The left is already out attacking last night's CNN Tea Party debate, with the New York Times leading the way as it cried "the first event hosted jointly by a major news organization and a Tea Party group" has "left some questioning whether the network had gone too far in reaching for centrist credibility." That charge only makes sense in a liberal world view that thought Brian Williams' biased performance at last week's NBC News/Politico debate was somehow soft and uncontroversial.
In fact there were far more liberal questions (13) to the GOP candidates at this Tea Party debate than there were conservative-oriented questions at the NBC News debate last week (just one). The Tea Party gets credit for helping restore balance to the agenda, but it's not like liberal ideas were shut out.
A study of the questions asked at both debates does show Blitzer was more balanced than Williams, in part, because he was involved in a forum where Tea Partiers themselves were able to ask questions of the GOP candidates. Whereas Williams, along with the Politico's John Harris, were able to run rampant with one question after another from the left.
A review of the 54 total questions asked by Williams and Harris to the Republican candidates shows that 25 of them came from the left, with just one from the right. Twenty-eight questions were neutral. So of those questions with an agenda almost all of them (96 percent) were from the left (4 percent from the right).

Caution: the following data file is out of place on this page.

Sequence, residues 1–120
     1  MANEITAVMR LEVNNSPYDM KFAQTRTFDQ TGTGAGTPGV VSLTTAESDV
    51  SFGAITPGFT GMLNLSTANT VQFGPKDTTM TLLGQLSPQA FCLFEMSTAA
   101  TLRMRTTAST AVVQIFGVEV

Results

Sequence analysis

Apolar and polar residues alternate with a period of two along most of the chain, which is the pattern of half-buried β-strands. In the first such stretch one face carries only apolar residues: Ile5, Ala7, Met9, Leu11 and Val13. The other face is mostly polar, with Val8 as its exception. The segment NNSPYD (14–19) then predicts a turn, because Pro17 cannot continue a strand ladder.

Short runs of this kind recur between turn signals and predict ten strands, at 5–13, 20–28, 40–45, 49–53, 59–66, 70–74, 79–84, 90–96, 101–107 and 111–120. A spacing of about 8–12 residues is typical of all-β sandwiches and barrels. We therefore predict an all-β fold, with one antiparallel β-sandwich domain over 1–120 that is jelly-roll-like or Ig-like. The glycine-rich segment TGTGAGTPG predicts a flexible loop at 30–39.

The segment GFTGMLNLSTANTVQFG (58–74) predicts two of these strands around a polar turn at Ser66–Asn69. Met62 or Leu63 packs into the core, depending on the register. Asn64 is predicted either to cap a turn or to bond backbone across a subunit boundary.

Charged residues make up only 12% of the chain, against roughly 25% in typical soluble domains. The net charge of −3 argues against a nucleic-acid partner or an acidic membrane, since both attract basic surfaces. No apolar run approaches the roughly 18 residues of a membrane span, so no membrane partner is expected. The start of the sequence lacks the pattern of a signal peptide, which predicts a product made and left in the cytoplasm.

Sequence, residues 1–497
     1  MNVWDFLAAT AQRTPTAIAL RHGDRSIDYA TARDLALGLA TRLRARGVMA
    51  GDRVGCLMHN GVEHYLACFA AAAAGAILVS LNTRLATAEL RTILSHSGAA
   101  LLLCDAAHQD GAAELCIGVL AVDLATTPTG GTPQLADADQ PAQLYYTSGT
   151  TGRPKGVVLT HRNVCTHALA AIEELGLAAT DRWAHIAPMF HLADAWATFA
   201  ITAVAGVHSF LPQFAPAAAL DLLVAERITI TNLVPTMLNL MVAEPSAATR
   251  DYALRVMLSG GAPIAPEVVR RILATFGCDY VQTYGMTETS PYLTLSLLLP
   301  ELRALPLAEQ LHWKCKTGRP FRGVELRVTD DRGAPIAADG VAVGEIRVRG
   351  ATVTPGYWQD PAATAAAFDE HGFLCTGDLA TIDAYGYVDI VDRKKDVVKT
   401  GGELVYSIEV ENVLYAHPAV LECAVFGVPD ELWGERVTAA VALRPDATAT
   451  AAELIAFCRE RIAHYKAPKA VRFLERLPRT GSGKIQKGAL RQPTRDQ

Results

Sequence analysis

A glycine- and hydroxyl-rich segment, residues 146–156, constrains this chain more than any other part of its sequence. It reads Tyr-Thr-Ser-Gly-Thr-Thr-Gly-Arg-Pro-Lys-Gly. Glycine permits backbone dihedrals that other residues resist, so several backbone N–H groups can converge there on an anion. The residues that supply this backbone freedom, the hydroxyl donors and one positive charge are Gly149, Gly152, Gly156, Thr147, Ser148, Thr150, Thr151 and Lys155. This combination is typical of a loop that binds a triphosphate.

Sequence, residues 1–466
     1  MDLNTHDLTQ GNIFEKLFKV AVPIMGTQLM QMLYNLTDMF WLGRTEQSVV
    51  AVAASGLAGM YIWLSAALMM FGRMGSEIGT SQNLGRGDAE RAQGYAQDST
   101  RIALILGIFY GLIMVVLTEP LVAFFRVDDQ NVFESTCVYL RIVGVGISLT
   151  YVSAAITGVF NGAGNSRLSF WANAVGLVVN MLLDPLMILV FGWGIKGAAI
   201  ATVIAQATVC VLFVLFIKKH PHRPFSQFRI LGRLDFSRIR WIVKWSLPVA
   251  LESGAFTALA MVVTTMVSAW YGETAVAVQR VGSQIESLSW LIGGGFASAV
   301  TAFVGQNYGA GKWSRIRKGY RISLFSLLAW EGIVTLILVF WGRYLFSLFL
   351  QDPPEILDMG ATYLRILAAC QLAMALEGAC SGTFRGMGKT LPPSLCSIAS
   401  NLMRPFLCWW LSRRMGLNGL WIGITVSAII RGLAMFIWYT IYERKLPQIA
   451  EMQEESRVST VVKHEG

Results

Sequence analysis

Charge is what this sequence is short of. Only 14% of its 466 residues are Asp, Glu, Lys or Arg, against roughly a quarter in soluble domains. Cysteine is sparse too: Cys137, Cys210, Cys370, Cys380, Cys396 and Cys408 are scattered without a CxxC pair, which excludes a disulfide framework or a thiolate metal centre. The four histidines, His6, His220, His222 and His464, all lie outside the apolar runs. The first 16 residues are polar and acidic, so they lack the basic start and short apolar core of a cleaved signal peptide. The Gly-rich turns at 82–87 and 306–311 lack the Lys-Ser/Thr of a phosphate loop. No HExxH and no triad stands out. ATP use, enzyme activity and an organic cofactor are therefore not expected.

In contrast, a review of the 62 total questions posed to GOP candidates at the CNN debate shows only 13 of them came from the left, 21 from the right, with 28 being neutral. So of questions with an agenda 62 percent were from the right, 38 percent were from the left. However, it should be noted that since this debate was sponsored by the Tea Party seven questions from the right were asked by Tea Partiers themselves. Of the questions asked by Blitzer 14 were from the right and 13 from the left, with 28 being neutral.
While Williams and Harris lobbed one loaded lefty question after the next at GOP candidates, at their respective debate, Blitzer for the most part, asked straightforward questions or threw to Tea Partiers in the audience, and then just stood by as the candidates responded.
Blitzer's opening questioning was typical:
BLITZER: Let's start off here in Tampa. We have a Tea Party activist. Please identify yourself and ask your question.
TEA PARTIER: My question: How will you convince senior citizens that Social Security and Medicare need to be changed and get their vote?
BLITZER: Good question. Let me begin with Michele Bachmann. Congresswoman, how do you do that? How do you go ahead and change, reform Social Security, Medicare, while at the same time getting votes?
Blitzer then asked follow-ups of the candidates that spurred back and forth exchanges, that while occasionally led to Republicans fighting each other, also allowed each candidate to further explain their similarities and differences with their primary opponents.
This was a far cry from Williams, who instead set out to hammer individual Republicans with liberal agenda questions that tried to depict the GOP candidates as somehow cartoonishly out of step with mainstream values. As was the case with Williams' line of questioning of Texas Governor Rick Perry, as noticed by the MRC's Brent Baker.
"Williams hit Texas Governor Rick Perry from the left on his state's poor economic indicators ("no other state has more working at or below the minimum wage"), chastised him for cutting education funding and, citing how 'your state has executed 234 death row inmates,' demanded to know whether he's 'struggled to sleep at night with the idea that any one of those might have been innocent?'